Rock Ain't Near Dead - if this is what death sounds like, bring it on....
Bernie Tormé is releasing his first solo record in fifteen years, his first studio work since 2008 on September 29th, and Flowers & Dirt proves to be an album well worth the wait. Definitely in my top ten for 2014 at this point. Maybe even an absolute all-time rock guitar classic - yes, I believe it is.
Tormé went the crowd funding route to get this package put together on PledgeMusic - his fans showed the love to the extent of 418% of his goal, and he's put together a fantastic package. It's almost an hour and a half of stunning straight up rock, and no matter where you drop the needle, you're going to be smiling from ear to damned ear. This is glorious rock, children, and Bernie's laying down one fine sermon after another. And God love him, he didn't cheap out on the artwork and packaging, it's top notch. I love a guy that gives a shit, and the Irish guitarist has delivered the goods in spades.
Many will remember Bernie Tormé from his eighties outings with Ozzie Osbourne (he was Randy Rhoads' first replacement) or his fine four albums with Ian Gillan, but he's also been on the solo trail since 1977, and he's as currently as good a rock 'n' roll songwriter as anyone - this is his best set of tunes yet. This might be the best record from any guitarist ever associated with Osbourne. That's right, I dig it more than anything I've heard from Jake, or Zakk, who've both done fine work, but this is a classic cut above.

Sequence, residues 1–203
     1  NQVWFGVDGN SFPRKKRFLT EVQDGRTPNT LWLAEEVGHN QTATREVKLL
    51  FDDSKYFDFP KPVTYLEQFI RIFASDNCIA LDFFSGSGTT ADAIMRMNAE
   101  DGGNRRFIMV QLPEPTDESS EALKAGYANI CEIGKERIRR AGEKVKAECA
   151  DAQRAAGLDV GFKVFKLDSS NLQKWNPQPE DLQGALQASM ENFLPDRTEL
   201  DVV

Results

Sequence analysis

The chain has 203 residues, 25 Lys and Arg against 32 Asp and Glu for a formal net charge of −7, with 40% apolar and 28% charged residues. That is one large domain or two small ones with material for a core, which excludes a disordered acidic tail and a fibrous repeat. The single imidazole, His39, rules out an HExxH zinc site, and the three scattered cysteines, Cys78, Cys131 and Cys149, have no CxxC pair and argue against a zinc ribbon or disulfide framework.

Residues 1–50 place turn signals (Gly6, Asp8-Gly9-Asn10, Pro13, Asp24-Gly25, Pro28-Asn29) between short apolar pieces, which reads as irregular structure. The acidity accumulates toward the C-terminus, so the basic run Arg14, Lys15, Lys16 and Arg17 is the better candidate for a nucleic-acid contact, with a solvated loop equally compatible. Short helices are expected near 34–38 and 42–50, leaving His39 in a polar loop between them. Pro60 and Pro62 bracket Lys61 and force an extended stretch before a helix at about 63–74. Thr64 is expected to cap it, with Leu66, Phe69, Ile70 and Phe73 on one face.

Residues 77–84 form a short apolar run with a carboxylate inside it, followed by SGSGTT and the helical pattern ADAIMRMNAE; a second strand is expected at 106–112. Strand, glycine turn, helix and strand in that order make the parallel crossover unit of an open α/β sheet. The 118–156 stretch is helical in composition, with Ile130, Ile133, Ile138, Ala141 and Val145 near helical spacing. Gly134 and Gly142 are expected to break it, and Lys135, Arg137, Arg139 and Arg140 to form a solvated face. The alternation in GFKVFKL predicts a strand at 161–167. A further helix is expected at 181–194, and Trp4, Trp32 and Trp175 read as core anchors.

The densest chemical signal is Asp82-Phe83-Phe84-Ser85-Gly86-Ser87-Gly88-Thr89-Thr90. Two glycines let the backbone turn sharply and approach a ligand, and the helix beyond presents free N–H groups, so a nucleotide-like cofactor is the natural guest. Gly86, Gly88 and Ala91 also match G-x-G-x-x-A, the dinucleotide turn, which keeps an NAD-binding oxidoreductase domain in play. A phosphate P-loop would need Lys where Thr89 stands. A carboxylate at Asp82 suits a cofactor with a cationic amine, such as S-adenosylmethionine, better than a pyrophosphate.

To be honest, I was expecting a feast of mid-level blues rock, but this record is chock full of great riffs, melodic songs, and it's one of those rarest of miracles - a power trio that never gets boring. I haven't mentioned his soloing yet, but again, you could make a compilation of every solo on the album and you'd be amazed at his ability to create exciting moments that never become tiresome or repetitive. Nope, they sizzle - every one of them. Makes you wish he'd made an album with Osbourne.
You could throw on the first nine songs on this album, tell someone this was a greatest hits package, and they'd nod in knowing agreement - a cat's nine lives told by exceptionally solid rock 'n' roll before our host slows down for a blues, and when he does on Good Man Down, it's as good a blues rock as you'll hear in 2014. Wait until you hear the solo on this one - maybe the best blues rock since Moore left town.
I've been on and on lately about the sound of records, and Tormé has nailed it with Flowers & Dirt - and again, he's done it very simply and very sparsely. There's not a tremendous amount of what you'd call production values, but the guitar tones are transcendently great, the vocals are punchy and clear, the rhythm section is a joy, and thirteen songs in and I'm still hearing new twists and turns. Love, love loving this album....
I'm not going to journey into individual tracks here, because as I've said, you could put the needle down anywhere, and think you were hearing the best song on the album. One thing I was unprepared for was how great Bernie's singing - he's not got a huge range, he doesn't scream or do falsetto, but he sings each song pretty damned perfectly - he's convincing, he's always compelling, and he's written twenty tunes that stick to the ribs - that's more than a lot of bands have in their entire catalogues. That being said, the eastern tinged Spirit Road might me my favorite track, and it's an acoustic tour de force - a mighty, mighty piece of guitar work.
|Tormé with Ritchie and Ian Gillan|
Bernie Tormé has given us one of the best rock records in recent memory, and it is incumbent upon us to return that love, so as to keep this thing called rock on the road. Rock Ain't Near Dead....